Serving as an example, she taught her children "cleanliness" and good hygiene.

Mrs. Thomas believed in promoting the self-actualization of Black women in the Community through supporting their business endeavors. For years she used their hairdressing services: Mrs. Virginia Wesby, Mrs. Pearline Burnett, Mrs. Ocile Jesse (founder) and Mrs. Doris Banks (niece and founder). For years she supported Mrs. Hill's and Mrs. Louise's restaurants, both located on Highland Avenue. Moreover, she shopped at Mrs. Hayes's Dress Shop when that opened on Highland Avenue. Both Mrs. Mattie Chappel and Mrs. Loretta Tillman were her seamstresses at one time or another. Although she herself was an excellent cook, she regularly paid for the catering services of Mrs. Susett Allen (Deacon Thomas's niece) and the catering services of Mrs. Beatrice Davis (founder and best friend). For years she used the child care services of Mrs. Ada Williams (best friend and founder).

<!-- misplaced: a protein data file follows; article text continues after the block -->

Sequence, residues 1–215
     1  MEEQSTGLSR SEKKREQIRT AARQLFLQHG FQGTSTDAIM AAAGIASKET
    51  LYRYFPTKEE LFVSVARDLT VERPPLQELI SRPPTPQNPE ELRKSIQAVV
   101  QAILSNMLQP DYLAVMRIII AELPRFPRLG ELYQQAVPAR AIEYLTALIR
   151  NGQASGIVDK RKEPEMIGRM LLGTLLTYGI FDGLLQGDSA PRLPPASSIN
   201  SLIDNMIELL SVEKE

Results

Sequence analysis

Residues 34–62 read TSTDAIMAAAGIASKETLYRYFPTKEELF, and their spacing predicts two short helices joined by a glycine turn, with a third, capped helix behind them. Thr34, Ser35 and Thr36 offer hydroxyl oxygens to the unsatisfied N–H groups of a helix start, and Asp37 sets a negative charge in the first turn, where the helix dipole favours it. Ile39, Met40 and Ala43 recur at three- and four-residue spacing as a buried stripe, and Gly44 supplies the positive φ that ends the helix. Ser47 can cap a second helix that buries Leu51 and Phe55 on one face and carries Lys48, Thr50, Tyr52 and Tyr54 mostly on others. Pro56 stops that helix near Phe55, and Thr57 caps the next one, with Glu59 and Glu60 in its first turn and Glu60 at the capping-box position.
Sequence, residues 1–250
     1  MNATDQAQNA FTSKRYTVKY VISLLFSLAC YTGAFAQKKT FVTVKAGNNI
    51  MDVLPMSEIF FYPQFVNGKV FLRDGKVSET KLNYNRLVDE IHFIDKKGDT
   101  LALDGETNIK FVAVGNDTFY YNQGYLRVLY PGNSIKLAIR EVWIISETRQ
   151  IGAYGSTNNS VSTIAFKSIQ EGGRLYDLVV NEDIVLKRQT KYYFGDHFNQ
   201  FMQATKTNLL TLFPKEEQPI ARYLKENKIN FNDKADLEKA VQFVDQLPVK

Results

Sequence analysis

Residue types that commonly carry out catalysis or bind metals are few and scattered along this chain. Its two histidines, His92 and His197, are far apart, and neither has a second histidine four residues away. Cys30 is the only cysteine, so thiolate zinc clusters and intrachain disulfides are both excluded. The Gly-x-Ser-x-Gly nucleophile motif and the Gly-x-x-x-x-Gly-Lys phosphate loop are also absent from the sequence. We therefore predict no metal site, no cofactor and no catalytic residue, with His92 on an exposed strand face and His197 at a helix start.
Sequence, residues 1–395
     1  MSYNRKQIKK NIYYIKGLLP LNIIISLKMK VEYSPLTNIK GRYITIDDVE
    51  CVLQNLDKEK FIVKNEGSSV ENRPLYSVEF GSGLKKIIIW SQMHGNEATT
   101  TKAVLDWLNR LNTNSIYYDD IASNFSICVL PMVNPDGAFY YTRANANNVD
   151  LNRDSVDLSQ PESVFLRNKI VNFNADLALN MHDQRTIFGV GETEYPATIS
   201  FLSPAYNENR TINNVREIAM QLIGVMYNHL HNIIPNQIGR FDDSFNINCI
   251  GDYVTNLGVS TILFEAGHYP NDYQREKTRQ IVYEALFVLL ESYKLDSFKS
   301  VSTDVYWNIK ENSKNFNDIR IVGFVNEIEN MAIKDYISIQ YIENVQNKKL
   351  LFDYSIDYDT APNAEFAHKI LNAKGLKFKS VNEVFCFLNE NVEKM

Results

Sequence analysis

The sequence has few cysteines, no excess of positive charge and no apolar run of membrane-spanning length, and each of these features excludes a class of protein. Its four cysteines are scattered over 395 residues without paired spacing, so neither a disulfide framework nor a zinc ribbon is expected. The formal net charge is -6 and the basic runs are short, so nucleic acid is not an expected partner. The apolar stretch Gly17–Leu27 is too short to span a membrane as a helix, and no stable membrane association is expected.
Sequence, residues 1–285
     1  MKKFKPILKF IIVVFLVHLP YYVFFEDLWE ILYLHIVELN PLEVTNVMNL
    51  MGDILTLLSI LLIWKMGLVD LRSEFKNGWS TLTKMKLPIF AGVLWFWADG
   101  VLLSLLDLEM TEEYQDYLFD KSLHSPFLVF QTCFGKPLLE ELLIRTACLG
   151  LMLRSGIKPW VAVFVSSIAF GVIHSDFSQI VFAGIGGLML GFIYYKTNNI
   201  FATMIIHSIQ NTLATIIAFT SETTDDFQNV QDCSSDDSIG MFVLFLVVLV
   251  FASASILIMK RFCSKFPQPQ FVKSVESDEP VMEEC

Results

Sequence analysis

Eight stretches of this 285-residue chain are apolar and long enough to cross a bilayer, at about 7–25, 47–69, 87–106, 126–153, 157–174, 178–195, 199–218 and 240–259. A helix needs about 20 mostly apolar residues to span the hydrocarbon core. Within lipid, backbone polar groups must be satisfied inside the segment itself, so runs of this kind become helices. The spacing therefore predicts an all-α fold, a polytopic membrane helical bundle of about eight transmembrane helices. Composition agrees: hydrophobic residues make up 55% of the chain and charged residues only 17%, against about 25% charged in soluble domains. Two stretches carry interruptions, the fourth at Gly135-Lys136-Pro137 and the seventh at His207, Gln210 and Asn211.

Convinced that part of empowering Black women was their education, Mr. Thomas was 100% behind the education of her own daughters; all of them graduated from college: Mary Jane Thomas Shavers, BS and MS from Syracuse University; Sarah T. Scott, Virginia Union University BS from New York University; Lizzie Mae Thomas Golden, BA from Michigan State University, PhD from SUNY at Buffalo, and Ada L. Deans, Virginia Union University, BS and MS from SUNY College at Buffalo.

Financially speaking, Mrs. Thomas supported several organizations: the United Way, the Girl Scouts, the Community Chest, the Community Center, the American Red Cross, the United Negro College Fund, and the National Association for the Advancement of Colored People (NAACP).